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Early release of super sees ‘high take-up’

A recent research report has predicted that close to 2.5 million Australians are likely to access early release payments from super before 30 June. However, the number of SMSFs applying for early release payments is expected to be low.


The Association of Superannuation Funds of Australia (ASFA) said applications to access early release payments from superannuation continue to flow to the ATO at a substantial rate, currently 150,000 applications a week.

“However, this is well down on the nearly 700,000 applications made in the first week,” the report noted.

Based on the current flow of applications, the report by ASFA estimated that the total number made before 30 June might be in the order of 2.5 million, which would equate to total payments of around $18 billion for the 2019–20 financial year.

“This suggests a relatively high take-up of early release by those adversely affected by recent labour market developments. If early releases reach 2.5 million, this equates to nearly 19 per cent of the labour force,” it stated.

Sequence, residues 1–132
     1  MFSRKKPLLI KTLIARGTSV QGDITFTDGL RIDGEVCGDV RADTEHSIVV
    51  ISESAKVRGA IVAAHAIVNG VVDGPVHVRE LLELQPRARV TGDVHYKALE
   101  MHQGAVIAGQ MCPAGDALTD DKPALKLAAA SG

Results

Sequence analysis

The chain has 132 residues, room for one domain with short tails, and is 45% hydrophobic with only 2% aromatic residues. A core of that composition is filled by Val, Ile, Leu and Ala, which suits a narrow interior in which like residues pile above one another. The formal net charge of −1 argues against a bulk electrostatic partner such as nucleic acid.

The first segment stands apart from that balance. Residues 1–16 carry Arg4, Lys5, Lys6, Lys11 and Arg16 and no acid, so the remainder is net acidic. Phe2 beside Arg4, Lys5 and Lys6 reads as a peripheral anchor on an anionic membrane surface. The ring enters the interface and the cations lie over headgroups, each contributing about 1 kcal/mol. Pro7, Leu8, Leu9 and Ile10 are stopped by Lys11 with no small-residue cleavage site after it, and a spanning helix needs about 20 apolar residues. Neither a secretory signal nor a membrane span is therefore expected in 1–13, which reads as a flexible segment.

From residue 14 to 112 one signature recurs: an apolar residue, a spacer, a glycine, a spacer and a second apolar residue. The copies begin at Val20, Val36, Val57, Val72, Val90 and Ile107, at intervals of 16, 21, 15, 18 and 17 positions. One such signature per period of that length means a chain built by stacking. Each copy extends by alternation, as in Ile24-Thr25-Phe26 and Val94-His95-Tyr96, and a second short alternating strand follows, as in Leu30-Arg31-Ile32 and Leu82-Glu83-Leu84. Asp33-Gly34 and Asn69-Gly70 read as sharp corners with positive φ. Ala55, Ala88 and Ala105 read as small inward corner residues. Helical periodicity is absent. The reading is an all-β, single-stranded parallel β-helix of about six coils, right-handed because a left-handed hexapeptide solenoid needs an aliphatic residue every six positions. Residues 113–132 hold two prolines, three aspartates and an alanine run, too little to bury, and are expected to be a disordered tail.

In terms of public offer funds, the bulk of early release payments have been made by industry funds, according to the report.

“Industry funds account for around 65 per cent of payments by value, with retail funds accounting for around 29 per cent. Public sector funds account for about 5 per cent,” it said.

The ASFA report estimates that the volume of early release payments from SMSFs is unlikely to be high.

“Over 40 per cent of SMSF members are retired and/or are of an age where unconditional release is possible. SMSF members also are older and wealthier on average compared to fund members more generally,” the report stated.

The research found that public offer funds with a heavy concentration of members employed in hospitality, restaurants and clubs have the highest rates of early release so far, at between 15 and 20 per cent of the accounts in such funds.

“Funds which have members concentrated in public sector employment have low rates of early release, at 3 per cent or less of member accounts. Public sector defined benefit funds have very low rates of release,” it stated.

Surprisingly, the report also found that funds with membership concentrated in health and related services have had substantial numbers of applications, at around 11 per cent of accounts.

“While permanent employees have maintained employment in the health sector, many casual and part-time workers have had reduced hours or no employment due to the cancellation of many forms of elective surgery,” it said.



Miranda Brownlee
30 June 2020



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